Moisture control is the key to mold control. When water leaks or spills occur indoors - act promptly. Any initial water infiltration should be stopped and cleaned promptly. A prompt response (within 24-48 hours) and thorough clean- up, drying, and/or removal of water-damaged materials will prevent or limit mold growth.
Mold prevention tips include:
- Repairing plumbing leaks and leaks in the building structure as soon as possible.
- Looking for condensation and wet spots. Fix source(s) of moisture incursion problem(s) as soon as possible.
- Preventing moisture from condensing by increasing surface temperature or reducing the moisture level in the air (humidity). To increase surface temperature, insulate or increase air circulation. To reduce the moisture level in the air, repair leaks, increase ventilation (if outside air is cold and dry), or dehumidify (if outdoor air is warm and humid).
- Keeping HVAC drip pans clean, flowing properly, and unobstructed.
- Performing regularly scheduled building/ HVAC inspections and maintenance, including filter changes.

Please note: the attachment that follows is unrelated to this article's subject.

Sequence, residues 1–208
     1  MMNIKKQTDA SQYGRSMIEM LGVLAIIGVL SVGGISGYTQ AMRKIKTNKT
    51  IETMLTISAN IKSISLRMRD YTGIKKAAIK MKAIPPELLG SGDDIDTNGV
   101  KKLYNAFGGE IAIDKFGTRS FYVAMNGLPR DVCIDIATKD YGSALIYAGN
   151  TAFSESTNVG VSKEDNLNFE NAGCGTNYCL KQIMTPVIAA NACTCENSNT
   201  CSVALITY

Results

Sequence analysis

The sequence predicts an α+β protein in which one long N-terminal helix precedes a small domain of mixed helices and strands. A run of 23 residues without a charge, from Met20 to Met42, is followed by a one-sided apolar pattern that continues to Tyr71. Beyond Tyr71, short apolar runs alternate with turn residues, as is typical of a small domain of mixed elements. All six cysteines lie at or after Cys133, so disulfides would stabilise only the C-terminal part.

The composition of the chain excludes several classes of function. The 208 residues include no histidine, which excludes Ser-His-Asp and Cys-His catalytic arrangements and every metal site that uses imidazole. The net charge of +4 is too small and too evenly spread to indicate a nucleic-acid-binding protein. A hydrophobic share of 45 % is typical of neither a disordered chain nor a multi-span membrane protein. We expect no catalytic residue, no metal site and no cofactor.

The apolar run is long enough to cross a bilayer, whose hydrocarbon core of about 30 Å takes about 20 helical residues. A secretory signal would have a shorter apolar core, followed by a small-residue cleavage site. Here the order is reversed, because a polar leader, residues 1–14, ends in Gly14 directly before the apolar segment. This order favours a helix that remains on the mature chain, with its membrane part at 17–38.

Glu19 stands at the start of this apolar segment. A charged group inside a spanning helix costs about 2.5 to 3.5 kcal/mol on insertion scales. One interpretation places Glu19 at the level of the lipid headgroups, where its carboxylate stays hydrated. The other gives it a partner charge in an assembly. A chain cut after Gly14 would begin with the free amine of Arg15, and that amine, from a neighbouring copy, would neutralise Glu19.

- Maintaining indoor relative humidity below 70% (25 - 60%, if possible).
- Venting moisture-generating appliances, such as dryers, to the outside where possible.
- Venting kitchens (cooking areas) and bathrooms according to local code requirements.
- Cleaning and drying wet or damp spots as soon as possible, but no more than 48 hours after discovery.
- Providing adequate drainage around buildings and sloping the ground away from building foundations. Follow all local building codes.
- Pinpointing areas where leaks have occurred, identifying the causes, and taking preventive action to ensure that they do not reoccur.
Questions That May Assist in Determining Whether a Mold Problem Currently Exists
- Are building materials or furnishings visibly moisture damaged?
- Have building materials been wet more than 48 hours?
- Are there existing moisture problems in the building?
- Are building occupants reporting musty or moldy odors?
- Are building occupants reporting health problems that they think are related to mold in the indoor environment?
- Has the building been recently remodeled or has the building use changed?
- Has routine maintenance been delayed or the maintenance plan been altered?
Always consider consulting a health professional to address any employee health concerns.